“Every tombstone is a biography”

PoplarGroveLuminary02

Poplar Grove’s 2014 luminary program (both photos courtesy of NPS)

We are pleased to welcome guest author Betsy Dinger to Emerging Civil War. After obtaining her BS in History from Frostburg State University in Maryland, Betsy began her National Park Service career in 1988 working at Shenandoah NP, Valley Forge NHP and Cumberland Gap NHP. She has worked at Petersburg National Battlefield for 17 years. Betsy has been working on a piece about Poplar Grove National Cemetery for Meg Thompson’s upcoming The Aftermath of Battle: The Burial of the Civil War Dead. We invited Betsy to share some of her thoughts. 

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Cemeteries are “my thing.” From the first little lamb I petted on a marker one Sunday coming out of church with my grandfather until now, they are such wonderful and amazing places.

Grandpa was a history teacher, and he always managed to tie a stone to a story about someone with some thread that caught my imagination. “Every tombstone is a biography,” he used to say—a lesson that had a huge impact on me. He created a lifelong passion for me. Guess we never know what we inspire in a child that might have a huge impact.

In the 17 years I’ve worked at Petersburg, I’ve become the battlefield’s “cemetery specialist,” creating various searchable databases from the original burial records and finding new ways to share the soldier’s stories. The best part of my job is when I can connect a descendant to the ancestor they have been searching for.

My work has led me to become interested in military cemeteries worldwide, particularly those relating to World War One. I spent most of October in England and visited a great number of cemeteries and old churches (ecclesiastical architecture is another interest), and it was heaven! I’m always interesting to see the various types of war memorials, too, be they in the church, the cemetery or in the center of the village. How people remember their dead, and military dead in particular, just fascinates me.

Poplar Grove has so many stories. I wish more people would visit because it is such a powerful place. Maybe as people learn more about the place they’ll feel compelled to stop by.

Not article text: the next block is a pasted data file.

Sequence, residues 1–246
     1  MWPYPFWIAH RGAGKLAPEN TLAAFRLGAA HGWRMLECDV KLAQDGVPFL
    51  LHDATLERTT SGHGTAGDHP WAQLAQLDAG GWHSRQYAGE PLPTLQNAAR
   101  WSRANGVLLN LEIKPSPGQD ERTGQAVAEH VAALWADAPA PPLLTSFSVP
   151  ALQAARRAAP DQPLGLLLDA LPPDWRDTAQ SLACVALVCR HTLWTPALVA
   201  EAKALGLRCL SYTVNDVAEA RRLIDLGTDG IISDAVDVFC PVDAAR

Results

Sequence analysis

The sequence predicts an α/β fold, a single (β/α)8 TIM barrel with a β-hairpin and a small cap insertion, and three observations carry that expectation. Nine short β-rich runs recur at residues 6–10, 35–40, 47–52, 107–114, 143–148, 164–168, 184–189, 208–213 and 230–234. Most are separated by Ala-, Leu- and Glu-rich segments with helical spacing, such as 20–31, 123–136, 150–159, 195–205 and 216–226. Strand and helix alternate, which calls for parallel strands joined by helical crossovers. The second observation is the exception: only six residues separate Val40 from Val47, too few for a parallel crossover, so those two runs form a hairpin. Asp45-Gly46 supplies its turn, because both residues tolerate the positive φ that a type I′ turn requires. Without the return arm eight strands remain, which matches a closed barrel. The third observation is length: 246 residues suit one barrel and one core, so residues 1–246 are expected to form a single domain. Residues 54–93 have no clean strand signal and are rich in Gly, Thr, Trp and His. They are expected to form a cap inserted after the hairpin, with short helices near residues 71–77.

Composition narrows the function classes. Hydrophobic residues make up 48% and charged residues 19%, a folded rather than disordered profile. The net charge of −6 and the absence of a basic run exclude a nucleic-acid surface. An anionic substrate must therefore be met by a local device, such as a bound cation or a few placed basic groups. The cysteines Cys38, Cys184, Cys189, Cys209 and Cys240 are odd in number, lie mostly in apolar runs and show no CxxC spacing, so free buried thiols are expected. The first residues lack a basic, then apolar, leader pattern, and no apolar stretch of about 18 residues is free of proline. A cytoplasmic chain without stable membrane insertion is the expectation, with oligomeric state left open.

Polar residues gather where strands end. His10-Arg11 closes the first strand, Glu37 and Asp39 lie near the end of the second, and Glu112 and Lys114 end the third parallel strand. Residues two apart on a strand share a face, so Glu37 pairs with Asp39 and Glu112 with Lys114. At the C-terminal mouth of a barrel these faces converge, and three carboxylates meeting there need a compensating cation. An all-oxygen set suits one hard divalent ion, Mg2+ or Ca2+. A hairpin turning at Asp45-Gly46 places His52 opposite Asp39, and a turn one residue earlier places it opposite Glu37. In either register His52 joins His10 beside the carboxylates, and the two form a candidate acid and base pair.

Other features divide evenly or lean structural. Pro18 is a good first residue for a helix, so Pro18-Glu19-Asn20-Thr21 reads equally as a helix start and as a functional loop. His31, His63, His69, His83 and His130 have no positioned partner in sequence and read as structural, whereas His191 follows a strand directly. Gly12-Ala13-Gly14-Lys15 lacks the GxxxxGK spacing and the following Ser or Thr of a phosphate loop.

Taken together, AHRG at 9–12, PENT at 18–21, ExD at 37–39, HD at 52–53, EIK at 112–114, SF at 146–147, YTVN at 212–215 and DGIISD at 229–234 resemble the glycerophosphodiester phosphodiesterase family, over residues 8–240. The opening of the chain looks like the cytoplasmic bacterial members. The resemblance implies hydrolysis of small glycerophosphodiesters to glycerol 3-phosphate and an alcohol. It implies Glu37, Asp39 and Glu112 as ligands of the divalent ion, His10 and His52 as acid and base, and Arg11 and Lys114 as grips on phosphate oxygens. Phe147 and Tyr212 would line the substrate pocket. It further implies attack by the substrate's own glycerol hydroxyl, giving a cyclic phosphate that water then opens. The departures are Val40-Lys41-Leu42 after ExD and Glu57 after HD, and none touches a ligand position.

Poplar Grove's 2014 luminary program (both photos courtesy of NPS)

To visit Poplar Grove National Cemetery:

8005 Vaughan Road, Petersburg, VA
(804) 861-2488

For GPS users enter 37 9′ 34.95″ N, 77 25′ 47.33″W

If not using these coordinates then do not use GPS and follow directions below:

The headstones at Poplar Grove lay flush with the ground. (photo by Edward Alexander)

The headstones at Poplar Grove lay flush with the ground. (photo by Edward Alexander)

From Crater Road (Route 301): Turn onto Flank Road and follow it until it intersects with Halifax Road. Turn right onto Halifax and then take your first left onto Flank Road again. Follow to the next cross street Vaughn Road and turn left. Less than a mile on the left side is the entrance to the cemetery.

From I-85: Take the Squirrel Level Road exit and turn onto to it heading south away from Petersburg. After going straight through the first traffic light at Defense Road keep to your left onto Wells Road as Squirrel Level Road turns sharply to the right. Follow Wells to Halifax Road and turn right. Drive down Halifax to Vaughn Road on the right. Follow Vaughn Road through the Flank Road intersection and to the cemetery as mentioned above.

For more information on Poplar Grove, click here.

This entry was posted in Battlefields & Historic Places, Common Soldier, Memory, Monuments, National Park Service and tagged , , , . Bookmark the permalink.

2 Responses to “Every tombstone is a biography”

  1. Tom says:

    Compelling story by Ms. Betsy Dinger!

  2. I so hugely enjoy the Confederate cemeteries — my favorite is the Resaca Confederate Cemetery. Here in NM and El Paso, there are a few Confederates including a Texas Brigade veteran in El Paso. Charles C Crews is the only Confederate general buried in NM, at Hillsboro. I have pics of all in my stream.

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